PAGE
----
When a black bear lunged at his dog in Jasper National Park last month, the owner jumped on the wild animal to protect his pet.

The dog, which had jumped out of an open car window, was killed.

Steve Malcolm, a human-wildlife conflict specialist for the park, revealed the details of the attack in a Monday morning interview with CBC Radio’s Edmonton AM.

“He wasn’t expecting the dog to jump out and he ended up just jumping on the bear, trying to wrestle that dog free,” Malcolm said.

“It’s an instinctive reaction and one that we don’t condone.”

Malcolm said he has investigated two cases of people kicking at cougars to save their dogs, but this is the first time he’s heard of anyone trying to wrestle a bear in the park.

“Really, the fellow is really lucky that he was able to pull that off, but it didn’t change the outcome,” he said.

“And certainly our message is: Absolutely never do that.”

After jumping out of the car, the dog approached the bear while barking at it, Malcolm said. The bear responded as it would to any other predator.

Animal instincts 

The man likely escaped injury due to prey-fixation, Malcolm said. When a bear is attacking, it focuses solely on its potential meal.

“Their primary focus is to kill and disable that prey species and then they’ll go into a bit of a defensive mode to protect themselves,” Malcolm said.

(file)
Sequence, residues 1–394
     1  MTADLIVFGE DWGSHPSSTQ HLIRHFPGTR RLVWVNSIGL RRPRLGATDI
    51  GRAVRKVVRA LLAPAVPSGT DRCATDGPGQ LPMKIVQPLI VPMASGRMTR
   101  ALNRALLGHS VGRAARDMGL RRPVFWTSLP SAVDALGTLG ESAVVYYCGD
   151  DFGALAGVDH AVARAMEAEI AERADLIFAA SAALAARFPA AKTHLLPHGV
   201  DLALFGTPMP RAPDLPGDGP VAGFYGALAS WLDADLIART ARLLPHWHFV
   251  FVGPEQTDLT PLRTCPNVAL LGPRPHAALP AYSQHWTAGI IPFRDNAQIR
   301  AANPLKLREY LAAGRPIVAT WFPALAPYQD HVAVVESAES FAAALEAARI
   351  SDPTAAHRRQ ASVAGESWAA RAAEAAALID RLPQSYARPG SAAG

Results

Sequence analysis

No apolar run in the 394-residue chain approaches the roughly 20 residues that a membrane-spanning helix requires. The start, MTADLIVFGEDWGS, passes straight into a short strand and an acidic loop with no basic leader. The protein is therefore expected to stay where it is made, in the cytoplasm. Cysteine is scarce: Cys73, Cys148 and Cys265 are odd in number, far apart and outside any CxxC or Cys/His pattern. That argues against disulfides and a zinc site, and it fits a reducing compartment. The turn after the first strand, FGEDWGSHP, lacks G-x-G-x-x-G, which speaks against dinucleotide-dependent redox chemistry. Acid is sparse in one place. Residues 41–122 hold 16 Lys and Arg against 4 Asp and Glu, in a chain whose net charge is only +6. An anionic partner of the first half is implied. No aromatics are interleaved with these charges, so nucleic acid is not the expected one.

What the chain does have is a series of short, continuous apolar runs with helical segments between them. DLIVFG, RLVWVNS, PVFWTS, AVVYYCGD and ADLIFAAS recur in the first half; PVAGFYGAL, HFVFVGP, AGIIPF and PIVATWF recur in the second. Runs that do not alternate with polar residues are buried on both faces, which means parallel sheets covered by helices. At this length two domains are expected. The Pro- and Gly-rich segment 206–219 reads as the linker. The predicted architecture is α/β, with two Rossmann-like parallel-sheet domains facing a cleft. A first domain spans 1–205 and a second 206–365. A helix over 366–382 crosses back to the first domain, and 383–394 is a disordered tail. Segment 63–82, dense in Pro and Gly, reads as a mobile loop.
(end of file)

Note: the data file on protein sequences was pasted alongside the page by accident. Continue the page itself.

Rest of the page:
“I think the fellow just caught him in that window where that black bear hadn’t completely killed that dog yet and the bear was basically going to focus on the dog first and then go back to its own defence.”

Malcolm said human-wildlife conflict specialists have been monitoring the bear since the attack but it has not acted aggressively toward humans.

The case is a reminder to keep pets leashed and to never attempt to rescue a pet under attack, Malcolm said.  

Having an off-leash dog is not only illegal in the mountain national parks, but can increase the chances of an aggressive encounter with a bear, elk and other wildlife.

Some pet owners in Alberta have gone to great lengths to save their animals from wildlife attacks.

In April 2015, a man escaped with only a few bumps and bruises after fighting off a cougar that attacked his girlfriend’s dog on his acreage southwest of Calgary. 

In the December 2016, a Red Deer man made international headlines for punching a cougar at a Tim Hortons parking lot after the wild cat grabbed his pet husky by the neck.  

When bears attack, people’s own animal instincts take over, Malcolm said. 

If a park visitor’s pet is attacked by a wild animal, they should not put themselves at risk by attempting to intervene.

“They don’t think,” he said. “They’ll go into a defensive action without thinking, because every one of them that has done it thinks, after the fact, ‘I can’t believe I just did that.’ “



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